2. I called my ISP and when they found out I didn't have their router, they said they couldn't help. "Why?" I asked. "Well, that's the way it is."

3. I called the router manufacturer and spent 3 hours upgrading the firmware on my router and creating a new network, which still did not solve my problem. "You need to call the manufacturer of your computer because it's not a router problem." "But why can't I get online?" "Well, that's the way it is."

4. I called the store where I purchased the laptop because it's still under warranty. The Geek Squad youngster came two days later and spent over an hour going through various diagnostics before he found a message indicating a small piece of my antivirus software was still resident on the hard drive and was blocking the internet access. He went to the AV company's website, downloaded the removal tool onto his teensy tiny flash drive, put it onto my laptop, ran it and voila! Internet access. "Why couldn't the AV people have told me to do that?" I asked him. "It would have saved you a trip and I'd not have spent the last 36 hours madder than a wet hornet." He shook his head and said "Well, sadly, that's the way it is. Their people are just stupid." At least he helped me and was sympathetic to my plight.

5. I bought a new floor sweeper last month and already part of it isn't working properly. I called the manufacturer on Monday because it's still in warranty. I expected them to replace it. Nope. They told me to take it to a repair shop where it will be repaired free if it's determined the problem is a mechanical failure. If THEY decide it's not, I get to pay for the repair. I imagine a service bill is probably more than the sweeper cost. "Why can't you just replace the sweeper?" I asked. "Well, that's the way it is."

6. My ATM card expires on February 29 and as of Monday I'd not received a replacement. I called the bank and learned no request had been generated to issue a new card. So the woman I spoke with put in the request and said I'd get it in five to seven working days, which means I may well be without my ATM card for a while. I asked if she could expedite it and she said she could -- for a $25 fee. "Why? It's not MY fault the bank screwed up?" "Well, that's the way it is."

7. A few weeks ago I switched from using my old desktop to using my nine-month-old laptop that runs the Microsoft Vista operating system. I knew I'd have to download new drivers for my printer, but once I did that, I expected the printer to work properly. Nope. I have trouble getting it to do double-sided printing correctly. I've been on the phone to the printer people numerous times and the answer is always "Well, that's the way it is."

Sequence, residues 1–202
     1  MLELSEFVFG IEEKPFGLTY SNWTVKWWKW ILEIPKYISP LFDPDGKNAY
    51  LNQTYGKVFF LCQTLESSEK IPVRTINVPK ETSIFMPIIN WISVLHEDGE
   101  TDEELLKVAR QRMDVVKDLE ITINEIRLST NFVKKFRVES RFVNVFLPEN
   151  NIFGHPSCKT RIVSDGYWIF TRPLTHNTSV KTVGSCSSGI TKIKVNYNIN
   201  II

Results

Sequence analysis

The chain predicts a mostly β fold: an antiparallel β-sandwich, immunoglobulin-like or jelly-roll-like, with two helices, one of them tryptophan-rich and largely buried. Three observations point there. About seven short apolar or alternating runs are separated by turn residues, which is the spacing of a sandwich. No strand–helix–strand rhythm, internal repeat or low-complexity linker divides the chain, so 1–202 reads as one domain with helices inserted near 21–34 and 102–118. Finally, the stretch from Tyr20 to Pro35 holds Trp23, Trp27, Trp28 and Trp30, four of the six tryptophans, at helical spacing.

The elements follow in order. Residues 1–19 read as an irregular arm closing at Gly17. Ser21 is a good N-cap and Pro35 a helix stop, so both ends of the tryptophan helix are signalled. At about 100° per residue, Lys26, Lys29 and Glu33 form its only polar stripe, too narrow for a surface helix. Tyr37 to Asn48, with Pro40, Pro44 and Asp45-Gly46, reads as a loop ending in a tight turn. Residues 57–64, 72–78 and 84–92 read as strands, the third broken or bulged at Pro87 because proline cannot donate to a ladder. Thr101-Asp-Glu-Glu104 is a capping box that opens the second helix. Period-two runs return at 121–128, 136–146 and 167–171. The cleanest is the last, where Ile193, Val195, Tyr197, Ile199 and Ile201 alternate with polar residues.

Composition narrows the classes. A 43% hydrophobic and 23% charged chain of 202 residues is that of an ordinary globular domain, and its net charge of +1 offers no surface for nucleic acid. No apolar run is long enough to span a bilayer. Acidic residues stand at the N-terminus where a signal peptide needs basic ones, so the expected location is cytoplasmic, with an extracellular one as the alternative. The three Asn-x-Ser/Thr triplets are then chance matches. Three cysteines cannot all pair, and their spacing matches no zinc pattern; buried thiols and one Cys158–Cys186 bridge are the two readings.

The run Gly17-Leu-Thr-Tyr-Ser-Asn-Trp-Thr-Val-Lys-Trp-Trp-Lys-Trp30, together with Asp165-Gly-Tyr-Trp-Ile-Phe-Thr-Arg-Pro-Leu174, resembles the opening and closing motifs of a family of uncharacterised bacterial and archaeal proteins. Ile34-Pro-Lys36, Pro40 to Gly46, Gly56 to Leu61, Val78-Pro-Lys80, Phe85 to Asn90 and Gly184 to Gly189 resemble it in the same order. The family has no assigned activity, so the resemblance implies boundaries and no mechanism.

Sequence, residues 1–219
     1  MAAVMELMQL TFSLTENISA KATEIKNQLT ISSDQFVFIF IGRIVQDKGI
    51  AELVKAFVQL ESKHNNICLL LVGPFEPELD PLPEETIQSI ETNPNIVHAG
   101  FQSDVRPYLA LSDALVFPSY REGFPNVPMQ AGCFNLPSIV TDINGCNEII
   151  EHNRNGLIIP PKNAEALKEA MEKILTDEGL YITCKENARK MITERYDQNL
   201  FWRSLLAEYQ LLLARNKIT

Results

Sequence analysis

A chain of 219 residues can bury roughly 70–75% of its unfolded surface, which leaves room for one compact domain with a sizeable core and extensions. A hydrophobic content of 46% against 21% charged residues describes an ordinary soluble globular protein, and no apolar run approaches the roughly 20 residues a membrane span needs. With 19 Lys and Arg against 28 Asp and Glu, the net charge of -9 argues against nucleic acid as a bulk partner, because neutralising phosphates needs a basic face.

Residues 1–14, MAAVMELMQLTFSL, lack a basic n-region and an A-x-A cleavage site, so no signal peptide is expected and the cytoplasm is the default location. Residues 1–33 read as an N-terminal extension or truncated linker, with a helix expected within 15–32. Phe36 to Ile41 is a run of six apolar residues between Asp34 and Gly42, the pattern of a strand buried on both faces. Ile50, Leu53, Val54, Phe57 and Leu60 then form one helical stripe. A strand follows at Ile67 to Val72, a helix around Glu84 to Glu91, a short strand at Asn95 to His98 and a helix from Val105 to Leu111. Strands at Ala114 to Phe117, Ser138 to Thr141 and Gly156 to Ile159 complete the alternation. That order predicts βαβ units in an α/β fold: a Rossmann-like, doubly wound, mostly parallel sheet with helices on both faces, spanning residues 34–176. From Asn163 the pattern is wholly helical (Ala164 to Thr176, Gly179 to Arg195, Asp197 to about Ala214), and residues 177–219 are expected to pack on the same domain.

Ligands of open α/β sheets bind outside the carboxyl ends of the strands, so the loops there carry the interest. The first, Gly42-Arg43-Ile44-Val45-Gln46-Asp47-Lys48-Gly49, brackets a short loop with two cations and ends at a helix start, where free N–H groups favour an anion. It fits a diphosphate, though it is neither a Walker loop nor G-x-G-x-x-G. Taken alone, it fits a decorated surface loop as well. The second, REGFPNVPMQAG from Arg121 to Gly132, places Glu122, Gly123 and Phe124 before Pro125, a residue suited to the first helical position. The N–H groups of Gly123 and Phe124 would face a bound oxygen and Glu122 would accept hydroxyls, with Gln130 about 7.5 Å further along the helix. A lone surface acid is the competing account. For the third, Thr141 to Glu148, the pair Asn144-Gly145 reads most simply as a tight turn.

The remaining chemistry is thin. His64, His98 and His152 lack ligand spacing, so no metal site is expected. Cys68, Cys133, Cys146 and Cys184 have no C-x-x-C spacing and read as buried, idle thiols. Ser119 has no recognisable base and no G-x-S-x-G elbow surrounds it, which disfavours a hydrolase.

WHY is that the way it is? Instead of the phrase being words that left me with a feeling of security, the words now leave me feeling helpless and hopeless. Those words are now simply a big fat excuse for poor workmanship, poor customer service and bad management.

Well, hello, AV software company. I decided to forego the final six weeks of my subscription and I purchased someone else's product as a replacement. The Geek Squad youngster is billing YOU for the service call since YOU gave me such bad advice and wasted his time cause that's the way it is. The DH is just looking for a good reason to switch banks, and if they pull this stunt when his ATM card comes due for replacement, he'll yank the funds from all three checking accounts and take them to a new bank cause that's the way it is. I take Bill Gates' name in vain every day now. Sorry pal, but as far as I was concerned, XP wasn't broken. And why, since Vista has been on the market for nearly eighteen months, have all the compatibility issues not been worked out. And don't tell me "Well, that's the way it is."

I'd like the excuses to stop. I'd like for companies to be accountable for their errors and their customer service departments to really give customer service instead of reading from a prepared script that doesn't allow for any deviation. I'd like to hear the word "And that's the way it is" and feel good again.

How about you? Got any good horror stories you'd like to get off your chest? Let er rip!

P.S. My foot improves every day. I went to the orthopedic surgeon today to have my stitches removes, only there weren't really any to remove. Everything was done internally with dissolving sutures and the outside was closed with steri-strips.
I can get it wet now (yay! cause bathing was a real exercise in creativity). I can wiggle my toe but am not supposed to try and force it to move. I can wear my new Crocs (I got two pairs for the price of one on eBay) if they're comfortable (they are) but if I'm going to be on my foot for a while (like grocery shopping) he suggested I wear the surgical shoe since it provides more support. I have an Ace bandagae on it and still have to keep it elevated as much as possible.
He said today's x-rays looked very good and the bones ares healing well. He also said I'd obviously followed doctor's orders and stayed off it and kept it elevated because there's virtually no swelling. If he gave fancy stickers for following orders, I'd have gotten one. Or maybe two. I still have to take it as easy as possible. It's difficult to put life on hold totally for six weeks. I'm to amble along at a slow pace and see him in a month. And if things continue as they have thus far, I'll start physical therapy then.